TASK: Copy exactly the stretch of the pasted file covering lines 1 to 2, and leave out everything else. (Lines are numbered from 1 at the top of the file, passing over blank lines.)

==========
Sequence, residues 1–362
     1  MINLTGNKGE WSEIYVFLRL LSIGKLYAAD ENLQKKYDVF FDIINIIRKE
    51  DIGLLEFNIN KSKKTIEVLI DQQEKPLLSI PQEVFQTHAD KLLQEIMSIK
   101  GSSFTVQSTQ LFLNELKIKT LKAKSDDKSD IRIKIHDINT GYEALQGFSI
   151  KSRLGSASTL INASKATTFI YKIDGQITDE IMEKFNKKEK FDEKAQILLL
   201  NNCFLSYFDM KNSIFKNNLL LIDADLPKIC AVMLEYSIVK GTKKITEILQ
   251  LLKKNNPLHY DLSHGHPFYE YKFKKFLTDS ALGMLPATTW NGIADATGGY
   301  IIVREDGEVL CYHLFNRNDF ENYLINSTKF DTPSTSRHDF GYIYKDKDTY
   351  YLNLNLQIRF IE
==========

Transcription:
Sequence, residues 1–362
     1  MINLTGNKGE WSEIYVFLRL LSIGKLYAAD ENLQKKYDVF FDIINIIRKE